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Proteins present in plasma are useful to treat certain clotting and immunity diseases and to tend to massive bleeds.

What is plasma?

Plasma is the liquid part of blood (90% of which is made up of water) which contains proteins that are essential to the body. Among other things, plasma contains immunoglobulins, coagulation or clotting factors and albumin.
The plasma can be extracted from a blood bag through centrifugation or through plasmapheresis.
Once extracted, the plasma is quickly frozen to ensure it keeps properly. It can be kept at a -25°C temperature for up to three years.

Why give plasma?


Some medicines that are indispensable for the survival and well-being of numerous patients can only be made from human plasma. In its natural form or in the form of medicines, plasma is used to treat a large number of pathologies.

•    Primary immunodeficiency (present in those affected from birth): lack or absence of immune defences, which makes patients extremely susceptible to all kinds of infection (constant ear infections, sinus infections and bouts of pneumonia, blood and skin infections, severe or even lethal organ damage, etc.).
•    Secondary immunodeficiency (which occurs in the course of life): immune system dysfunction due to external factors (virus infections, chemotherapy, etc.) or auto-immune diseases.

Coagulation factors: bleeding disorders (haemophilia, etc.).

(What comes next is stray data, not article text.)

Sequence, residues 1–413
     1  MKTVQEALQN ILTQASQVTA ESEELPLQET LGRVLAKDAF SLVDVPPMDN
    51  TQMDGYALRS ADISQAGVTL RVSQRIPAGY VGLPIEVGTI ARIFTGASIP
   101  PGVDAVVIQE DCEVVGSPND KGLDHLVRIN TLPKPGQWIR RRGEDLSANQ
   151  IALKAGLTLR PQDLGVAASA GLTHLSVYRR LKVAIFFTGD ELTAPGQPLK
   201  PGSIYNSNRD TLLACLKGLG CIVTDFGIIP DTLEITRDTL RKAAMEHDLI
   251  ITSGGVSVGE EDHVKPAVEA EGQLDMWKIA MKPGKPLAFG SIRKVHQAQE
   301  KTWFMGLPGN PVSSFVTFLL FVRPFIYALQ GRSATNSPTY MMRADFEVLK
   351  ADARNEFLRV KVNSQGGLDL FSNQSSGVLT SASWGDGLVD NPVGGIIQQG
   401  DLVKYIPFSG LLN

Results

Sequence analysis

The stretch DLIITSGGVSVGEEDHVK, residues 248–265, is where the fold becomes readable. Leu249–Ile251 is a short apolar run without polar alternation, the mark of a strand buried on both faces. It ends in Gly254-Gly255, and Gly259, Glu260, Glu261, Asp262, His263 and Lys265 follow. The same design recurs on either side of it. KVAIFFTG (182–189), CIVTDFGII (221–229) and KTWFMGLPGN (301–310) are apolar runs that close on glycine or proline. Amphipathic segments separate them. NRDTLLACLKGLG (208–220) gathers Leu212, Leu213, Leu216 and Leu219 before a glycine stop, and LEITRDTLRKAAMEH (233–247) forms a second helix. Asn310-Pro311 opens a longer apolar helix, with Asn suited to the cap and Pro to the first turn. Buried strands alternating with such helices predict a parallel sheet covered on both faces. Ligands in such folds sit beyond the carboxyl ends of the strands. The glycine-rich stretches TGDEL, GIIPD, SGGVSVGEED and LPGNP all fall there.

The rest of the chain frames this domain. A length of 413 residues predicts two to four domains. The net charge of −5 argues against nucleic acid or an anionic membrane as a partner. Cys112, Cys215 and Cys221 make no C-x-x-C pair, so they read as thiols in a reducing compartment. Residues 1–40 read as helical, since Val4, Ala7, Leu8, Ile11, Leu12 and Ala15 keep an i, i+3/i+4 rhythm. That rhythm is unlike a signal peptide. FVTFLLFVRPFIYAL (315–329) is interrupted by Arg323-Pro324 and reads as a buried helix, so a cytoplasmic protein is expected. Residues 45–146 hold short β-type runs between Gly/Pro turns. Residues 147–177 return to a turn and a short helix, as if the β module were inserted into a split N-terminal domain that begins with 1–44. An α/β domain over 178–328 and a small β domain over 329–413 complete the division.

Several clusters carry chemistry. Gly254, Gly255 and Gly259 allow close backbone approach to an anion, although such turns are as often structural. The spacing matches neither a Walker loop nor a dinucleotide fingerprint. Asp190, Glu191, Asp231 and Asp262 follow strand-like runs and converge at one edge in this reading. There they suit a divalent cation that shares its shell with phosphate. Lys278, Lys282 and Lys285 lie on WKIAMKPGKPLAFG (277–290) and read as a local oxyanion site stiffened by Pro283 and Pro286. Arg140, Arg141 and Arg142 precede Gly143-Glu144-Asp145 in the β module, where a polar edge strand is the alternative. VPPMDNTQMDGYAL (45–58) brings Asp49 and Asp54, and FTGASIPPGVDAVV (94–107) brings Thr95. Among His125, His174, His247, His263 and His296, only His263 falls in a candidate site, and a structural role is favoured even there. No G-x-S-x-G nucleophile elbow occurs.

Albumin: haemorrhaging, major burns, surgical operations, etc.

Needless to say this list is not exhaustive. In addition to the above examples, plasma and plasma derivatives are used to deal with many other pathologies.

How does a plasma donation work?

Principle: the blood collected from the donor is made to continuously run through an apheresis machine or a blood cell separator which retains the plasma but then returns the red blood cells, the platelets and the white blood cells to the donor. By doing so, a larger amount of plasma can be collected (between 600 and 650 ml) and the donor, who does not lose any other blood components, is able to donate more often (at least every 2 weeks).


You should reckon with approximately 45 minutes for the plasmapheresis and a total of 75 minutes, including the medical interview and the refreshment upon completion of the donation.


You may donate plasma every 15 days with a maximum of 15 litres per year (23 donations).


This technique requires the use of specific equipment. Which is why it is performed only by appointment at one of our permanent blood collection centres.

Donating is a responsible, voluntary and charitable gesture that goes unpaid.

ARE YOU considering donating PLASMA?

Find the answers to your questions.

Informations about donating plasma (French)


Do you have questions regarding plasma donations?

Consult our FAQ

Do you have questions?


Find a plasma collection centre near you.


Contact us at 0800 92 245 or send us a mail at info@croix-rouge.be.


You can also consult our  « Donor guide » and « Platelets and plasma donations (French) » brochures;


Give it a go in a safe and friendly environment that puts people first!